Rules For Posting To This Blog and Weekly Blog Question

1. Only use your first name (no last names, addresses, IM screen names, etc.)
2. Show respect and consideration of others when posting and commenting. This includes individuals, students, organizations, political parties, colleagues, etc.
3. Check all posts for spelling and grammar errors before posting.
4. Protect the privacy of others. Gain permission from other people before you write about them. Avoid sharing someone else's last name. Use job titles or pseudonyms when writing about experiences with your co-workers or students.
5. Watch your language. Use politically correct and non-offensive language.
6. Make sure you write about things that are factual.
7. Keep your postings education-oriented. Avoid discussing plans for the weekend, etc.

This week I would like you to use your imagination. You have just won the lottery and will leave your teaching post immediately to travel around the world. As you leave your keys you meet your replacement. You are asked to give this new teacher just ONE piece of advice. What would that be, and why? Enjoy your world expedition!

Blog Post - Week 7
This past week in my own teaching I felt a little disconnected which prompts my question to you, "What was the moment (or moments) when I felt most disconnected or disengaged as a teacher - the moment(s) I said to myself, I'm just going through the motions here?"

Fall Semester 2016 Blog Post - Week 6
For the past couple of weeks you have experienced asynchronous online learning (doing modules by yourself). Previously this semester you have experienced synchronous online learning (all together in the Collaborate room). Which do you think is more effective and why do you think that? Which do you like better, and why?

Fall Semester 2016 Blog Post - Week 5
This week we have what we call "open mic." You can write a post about anything related to your teaching that you would like responses from your classmates.

Fall Semester 2016 Blog Post - Week 4
Here is this week's question: "What was the event that most took me surprise this week - and event that shook me up, caught me off guard, gave me a jolt, or made me unexpectedly happy?"

Fall Semester 2016 Blog Post - Week 3
Please write a post about the following question, "In thinking about my past week teaching what is one thing I would do differently, and why?"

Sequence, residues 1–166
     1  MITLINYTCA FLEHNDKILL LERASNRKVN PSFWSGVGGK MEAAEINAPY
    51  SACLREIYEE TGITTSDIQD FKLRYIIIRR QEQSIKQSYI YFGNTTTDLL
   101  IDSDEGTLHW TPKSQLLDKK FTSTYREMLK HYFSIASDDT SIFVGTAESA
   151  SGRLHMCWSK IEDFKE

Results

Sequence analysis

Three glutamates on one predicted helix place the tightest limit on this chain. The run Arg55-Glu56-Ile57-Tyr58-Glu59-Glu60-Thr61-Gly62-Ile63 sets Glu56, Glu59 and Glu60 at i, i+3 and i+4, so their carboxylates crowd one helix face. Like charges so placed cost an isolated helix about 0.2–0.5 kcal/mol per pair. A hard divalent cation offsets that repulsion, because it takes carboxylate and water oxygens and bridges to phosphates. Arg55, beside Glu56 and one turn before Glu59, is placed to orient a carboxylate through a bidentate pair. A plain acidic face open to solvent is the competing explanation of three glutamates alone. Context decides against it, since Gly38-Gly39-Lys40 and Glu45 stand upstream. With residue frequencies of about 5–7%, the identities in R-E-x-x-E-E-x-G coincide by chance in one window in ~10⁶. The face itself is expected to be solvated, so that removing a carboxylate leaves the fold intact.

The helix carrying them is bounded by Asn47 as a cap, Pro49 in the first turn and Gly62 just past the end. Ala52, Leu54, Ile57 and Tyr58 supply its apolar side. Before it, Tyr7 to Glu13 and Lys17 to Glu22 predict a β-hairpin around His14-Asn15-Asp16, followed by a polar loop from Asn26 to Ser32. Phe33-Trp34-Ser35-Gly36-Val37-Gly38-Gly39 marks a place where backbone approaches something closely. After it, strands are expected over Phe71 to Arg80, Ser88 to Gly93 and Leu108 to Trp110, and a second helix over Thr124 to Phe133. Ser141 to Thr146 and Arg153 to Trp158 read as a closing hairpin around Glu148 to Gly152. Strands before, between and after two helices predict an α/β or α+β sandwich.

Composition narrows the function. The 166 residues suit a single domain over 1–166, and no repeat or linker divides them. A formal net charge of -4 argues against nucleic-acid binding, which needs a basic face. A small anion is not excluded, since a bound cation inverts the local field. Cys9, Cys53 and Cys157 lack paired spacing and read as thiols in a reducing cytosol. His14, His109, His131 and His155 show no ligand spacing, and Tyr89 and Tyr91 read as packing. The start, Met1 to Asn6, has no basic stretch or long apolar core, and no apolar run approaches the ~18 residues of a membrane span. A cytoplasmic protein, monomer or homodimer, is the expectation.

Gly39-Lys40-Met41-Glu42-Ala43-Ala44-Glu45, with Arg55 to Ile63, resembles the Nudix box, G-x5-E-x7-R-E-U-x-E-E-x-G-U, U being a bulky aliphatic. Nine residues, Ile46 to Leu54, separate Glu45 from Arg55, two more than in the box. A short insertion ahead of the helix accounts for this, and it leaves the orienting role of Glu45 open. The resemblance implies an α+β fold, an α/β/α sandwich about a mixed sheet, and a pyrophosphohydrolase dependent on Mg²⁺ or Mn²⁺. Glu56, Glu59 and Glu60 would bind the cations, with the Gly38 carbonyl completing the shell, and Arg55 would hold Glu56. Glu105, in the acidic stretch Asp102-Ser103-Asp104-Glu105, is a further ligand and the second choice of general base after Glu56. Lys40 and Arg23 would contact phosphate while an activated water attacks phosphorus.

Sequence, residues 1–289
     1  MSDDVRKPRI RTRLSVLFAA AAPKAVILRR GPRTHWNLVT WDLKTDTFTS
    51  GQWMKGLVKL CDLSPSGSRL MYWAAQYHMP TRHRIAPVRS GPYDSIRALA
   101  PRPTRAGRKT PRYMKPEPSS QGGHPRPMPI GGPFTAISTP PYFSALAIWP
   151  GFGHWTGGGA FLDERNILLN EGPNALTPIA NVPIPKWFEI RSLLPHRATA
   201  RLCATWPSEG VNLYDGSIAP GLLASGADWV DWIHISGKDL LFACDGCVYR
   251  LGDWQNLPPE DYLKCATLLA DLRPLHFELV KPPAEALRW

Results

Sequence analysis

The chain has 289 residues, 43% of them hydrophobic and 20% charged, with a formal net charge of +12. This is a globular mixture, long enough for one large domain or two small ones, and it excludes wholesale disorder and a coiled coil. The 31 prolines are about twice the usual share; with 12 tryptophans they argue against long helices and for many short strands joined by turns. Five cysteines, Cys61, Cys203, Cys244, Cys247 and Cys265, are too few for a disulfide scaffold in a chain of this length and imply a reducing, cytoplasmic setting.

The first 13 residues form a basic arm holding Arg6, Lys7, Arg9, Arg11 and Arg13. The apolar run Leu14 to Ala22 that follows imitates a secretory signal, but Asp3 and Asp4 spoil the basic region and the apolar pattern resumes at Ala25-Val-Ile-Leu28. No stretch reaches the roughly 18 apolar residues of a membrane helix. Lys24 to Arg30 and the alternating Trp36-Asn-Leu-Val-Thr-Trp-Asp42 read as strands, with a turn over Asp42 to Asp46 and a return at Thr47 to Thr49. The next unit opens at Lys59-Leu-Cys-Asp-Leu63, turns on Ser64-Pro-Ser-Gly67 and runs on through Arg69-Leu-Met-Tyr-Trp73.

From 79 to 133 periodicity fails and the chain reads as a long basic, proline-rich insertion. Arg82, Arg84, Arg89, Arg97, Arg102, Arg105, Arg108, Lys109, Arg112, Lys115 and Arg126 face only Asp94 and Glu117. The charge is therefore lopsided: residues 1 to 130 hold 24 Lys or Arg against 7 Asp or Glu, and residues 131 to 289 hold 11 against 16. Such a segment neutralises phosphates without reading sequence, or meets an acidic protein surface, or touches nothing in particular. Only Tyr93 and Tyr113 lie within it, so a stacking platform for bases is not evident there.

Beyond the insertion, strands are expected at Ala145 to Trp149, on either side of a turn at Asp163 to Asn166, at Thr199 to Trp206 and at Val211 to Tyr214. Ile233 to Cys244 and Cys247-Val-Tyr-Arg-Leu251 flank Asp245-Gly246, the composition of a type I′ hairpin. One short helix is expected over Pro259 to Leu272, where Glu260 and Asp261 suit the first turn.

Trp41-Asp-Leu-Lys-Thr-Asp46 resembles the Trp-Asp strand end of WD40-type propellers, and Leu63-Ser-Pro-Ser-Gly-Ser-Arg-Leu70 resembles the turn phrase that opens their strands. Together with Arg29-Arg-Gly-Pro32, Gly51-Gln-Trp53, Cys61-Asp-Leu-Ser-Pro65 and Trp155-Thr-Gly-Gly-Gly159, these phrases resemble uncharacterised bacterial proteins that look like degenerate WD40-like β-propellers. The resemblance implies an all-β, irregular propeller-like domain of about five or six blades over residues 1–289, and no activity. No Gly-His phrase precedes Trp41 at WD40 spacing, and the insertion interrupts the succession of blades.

Fall Semester 2016 Blog Post - Week 2
Please write a post about the following question, " In thinking about my teaching activities this past week, of what do I feel most proud? Why?"

Fall Semester 2016 Blog Post - Week 1
Describe something you used in your program in the first weeks of school that you learned in the summer NTI program. How did it work? Did it get you off to a stronger start than last year?

Sunday, September 29, 2013

Candy and Confirmation

This week was a little crazy ( I know you are all thinking, how is that different from any other week in the classroom, right?).  I have really been feeling the pressure to "have it ALL together".  It seems like every time I think I am close to feeling like I might make it, something else is placed on my never ending to do list from administration.  So many things are asked of us and so many times we are expected to just know stuff that a "real" teacher does.  I guess where I am going with this train of thought is this;  I haven't felt like a "real", college degree toting, acronym knowing, teacher. I feel like a student most of the time. Teaching is kind of like parenting, it doesn't come with a handbook that explains everything we need to know.  At some point, instinct just takes over and we DO. Everyday I learn something I feel like I should have already known.  I may not know how to collect and analyze data in the format I am supposed to, I may not fully understand how to differentiate or at least not know how to write differentiation in the terminology I am expected to, nor do I understand the importance of endless meetings that leave me with more questions than answers.  However, I do understand my content area and kids. What I KNOW is this:  kids want to know where they stand with you, what your expectations are of them, and what the consequences are if they choose not to abide by your rules.  I have spent the past 7 weeks trying to form relationships, model behavior I expect of my students, and as difficult as it may be, hold students accountable for the choices they make.  I feel like I am chasing my tail most days and wonder "are they getting it"?  This week in class we were doing a review of chapter 5: Infection Control.  In the middle of the review I remembered that I had bought some candy for the kids for good behavior during our GAPPS review visit.  I passed out the candy and said "Thank you".  I could hear some murmuring among students, so I listened.  I was afraid they didn't like the candy I bought.  Much to my surprise, they were talking about me.  The kids were saying, "she is a good teacher, she cares about us, she treats us nice, she respects us, she does what she says" and the like.  I knew at that moment I am in the right place.  I may not have a college degree or know how to express myself in the terms others are so comfortable with, but I do understand the importance of sharing what I DO know and that a little goes a long way if your actions speak louder than your words. 

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